UNI’s coverage was focused on staying over the top and triangulating passes in front of the coverage. This is exactly what Iowa State has deployed over the last two seasons with a slightly higher emphasis on the under and mid-range routes and run support. UNI was defending the middle of the field with six defenders and left for chance their tackling ability on underneath completions.
In addition to being one of the longer plays of the day, this play illustrates an excellent manipulation of the UNI alignment. As an aside, it illustrates the intent of the game plan as Iowa State chose to take what was given versus aggressively attacking what UNI was trying to take away. I believe the staff was very strategic in its approach and with what they wanted to have on film for future preparation.
The first down play fake aligns with tendency and draws the problematic hole defender, the robber, down in to the box for run support. The RPO read was simple and Purdy throws to the slot who digs in to the vacated spot. The play still requires excellent timing and the defense is in place to make an immediate tackle, but execution beats alignment and Iowa State successfully plays beyond the chains by manipulating the UNI defense. This too is an alert for growth as the season progresses.
Finally, a positive example of the running backs leaving blocked yardage on the table.
The play indicates an open lane and a 13 yard gain by the running back. No complaints here about the end result of the play. However, there was more, much more here.
Knipfel, Meeker, and Newell dominate their assignments to open a gaping hole. Lang’s eyes focus on his third level block and he determines to run behind the back of the blocker (fundamentally correct) and explode to contact. However, if he expands his vision as he plants between the 45 and 47 yard line, then cuts around the block by the wide receiver, the play extends to a 23 yard gain and possibly to the end zone. The play was blocked for an explosive play, but run for a nice gain. A common theme in the running game on Saturday.
Just a couple of points of emphasis on an otherwise outstanding performance.
For the defense, this was a game of inches. The plucky UNI quarterback and the UNI offense in general, played like the annoying kid in a game of tag who lingers on the edge and darts out of reach without fully engaging in the game.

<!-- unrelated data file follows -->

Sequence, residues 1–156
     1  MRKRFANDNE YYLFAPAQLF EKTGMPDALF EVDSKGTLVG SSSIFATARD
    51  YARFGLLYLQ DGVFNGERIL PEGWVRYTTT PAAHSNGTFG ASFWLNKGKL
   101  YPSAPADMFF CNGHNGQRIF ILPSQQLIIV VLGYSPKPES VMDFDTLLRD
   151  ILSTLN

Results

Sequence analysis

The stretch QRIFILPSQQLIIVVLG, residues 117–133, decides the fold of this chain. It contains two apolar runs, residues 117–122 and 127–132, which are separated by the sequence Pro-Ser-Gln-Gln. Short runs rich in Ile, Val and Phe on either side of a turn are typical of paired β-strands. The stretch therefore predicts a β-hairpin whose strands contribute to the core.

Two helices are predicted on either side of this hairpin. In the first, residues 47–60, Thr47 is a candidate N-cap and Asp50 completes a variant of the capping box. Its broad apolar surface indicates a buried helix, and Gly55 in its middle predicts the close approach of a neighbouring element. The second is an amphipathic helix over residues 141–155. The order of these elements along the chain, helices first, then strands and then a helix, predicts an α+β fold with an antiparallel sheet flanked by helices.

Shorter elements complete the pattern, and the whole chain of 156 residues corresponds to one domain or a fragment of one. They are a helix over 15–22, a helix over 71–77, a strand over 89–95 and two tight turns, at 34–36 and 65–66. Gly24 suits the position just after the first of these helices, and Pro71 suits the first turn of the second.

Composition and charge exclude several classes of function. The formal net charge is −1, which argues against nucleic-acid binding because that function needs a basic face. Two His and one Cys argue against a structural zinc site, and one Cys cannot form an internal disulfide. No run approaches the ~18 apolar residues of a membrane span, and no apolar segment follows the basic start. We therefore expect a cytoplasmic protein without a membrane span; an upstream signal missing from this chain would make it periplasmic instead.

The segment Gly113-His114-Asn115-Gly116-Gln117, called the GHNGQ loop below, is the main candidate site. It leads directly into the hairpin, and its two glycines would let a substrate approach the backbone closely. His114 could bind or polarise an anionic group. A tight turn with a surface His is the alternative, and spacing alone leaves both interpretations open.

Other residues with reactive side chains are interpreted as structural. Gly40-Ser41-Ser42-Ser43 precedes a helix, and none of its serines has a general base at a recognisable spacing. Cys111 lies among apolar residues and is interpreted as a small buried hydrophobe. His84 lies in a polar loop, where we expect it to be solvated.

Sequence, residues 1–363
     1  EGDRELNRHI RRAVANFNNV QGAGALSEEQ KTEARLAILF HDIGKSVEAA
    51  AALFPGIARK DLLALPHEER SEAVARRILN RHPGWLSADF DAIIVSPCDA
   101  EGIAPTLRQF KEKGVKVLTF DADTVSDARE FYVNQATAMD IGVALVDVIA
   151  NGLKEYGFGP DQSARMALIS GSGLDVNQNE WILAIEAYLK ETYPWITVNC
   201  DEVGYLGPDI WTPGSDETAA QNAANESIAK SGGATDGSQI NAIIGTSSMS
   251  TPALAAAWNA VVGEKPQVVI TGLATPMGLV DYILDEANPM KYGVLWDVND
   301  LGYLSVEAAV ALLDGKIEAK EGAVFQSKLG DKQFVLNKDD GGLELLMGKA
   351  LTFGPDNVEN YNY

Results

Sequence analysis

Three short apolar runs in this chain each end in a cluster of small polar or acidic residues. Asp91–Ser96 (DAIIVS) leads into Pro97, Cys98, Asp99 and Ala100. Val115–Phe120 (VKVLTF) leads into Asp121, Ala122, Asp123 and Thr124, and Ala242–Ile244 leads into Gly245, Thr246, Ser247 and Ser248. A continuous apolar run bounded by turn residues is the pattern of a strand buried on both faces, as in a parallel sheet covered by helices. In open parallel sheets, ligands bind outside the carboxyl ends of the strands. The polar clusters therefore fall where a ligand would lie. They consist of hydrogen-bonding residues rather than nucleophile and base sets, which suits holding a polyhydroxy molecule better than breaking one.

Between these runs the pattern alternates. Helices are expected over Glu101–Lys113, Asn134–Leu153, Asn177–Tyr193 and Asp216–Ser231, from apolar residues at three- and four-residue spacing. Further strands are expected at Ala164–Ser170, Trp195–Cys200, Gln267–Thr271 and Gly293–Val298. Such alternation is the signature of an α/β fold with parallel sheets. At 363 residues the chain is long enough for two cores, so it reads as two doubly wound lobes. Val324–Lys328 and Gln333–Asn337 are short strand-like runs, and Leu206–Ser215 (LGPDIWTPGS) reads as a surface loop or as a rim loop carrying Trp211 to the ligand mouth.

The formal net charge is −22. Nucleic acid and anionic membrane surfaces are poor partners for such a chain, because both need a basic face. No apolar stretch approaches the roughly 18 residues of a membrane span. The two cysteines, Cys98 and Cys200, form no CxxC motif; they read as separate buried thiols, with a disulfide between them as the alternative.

Note the six across look referenced earlier. The outside linebacker to the high side is free off the edge as designed. I believe this is Will McDonald. He turns the corner and is set up for a sack, but misses and a sack is turned in to a 10 yard gain. The rush backer in this scenario must bend and direct his aim to the front side of the quarterback — bend and flatten. Why? Because you want to force the quarterback to retreat away from the line instead of step up with a two way go (run/pass).
Here, McDonald takes a true aim and does not cut off the escape route or finish the play with another power step. He misses by an inch and gives up multiple yards.
This play in overtime results in a sack, however we see a similar miss to the one shown earlier. The player is the same. Will McDonald is lined up with his hand in the dirt instead of as a stand up linebacker (two plays, two different positions, same job, same result). McDonald rips and bends and uses a proper bend here beating the tackle with speed to the quarterback. However, he misses the sack again by a shoelace.
McDonald needed one additional power step to finish the play. That thought and skill must be taught against a mobile quarterback such as the one playing for UNI. McDonald was one step away from having a multi-sack game from different alignments. The fact that he caused the pressure is useful. Time will tell if he is an “a step away” player, or a TFL player.
Iowa State survived. The team can put this game behind it and focus on cleaning up the near misses and the drive killers.
The were many positive signs in this game, which include the offensive line performance and O’Rien Vance. I have no doubt that the unwillingness to attack and manipulate the defense in the passing game was purposeful based on the few times that they successfully did just that. Live action work on a few defensive wrinkles was invaluable.
However, I maintain my position that early season tinkering is a tight rope that limits the team’s prospects in the non-conference schedule. But, there is wisdom in it given the bye week and the staff’s demonstrated ability to exploit the extra work.
There will be articles written about offensive and defensive progress that will have its roots in this “too close for comfort” contest.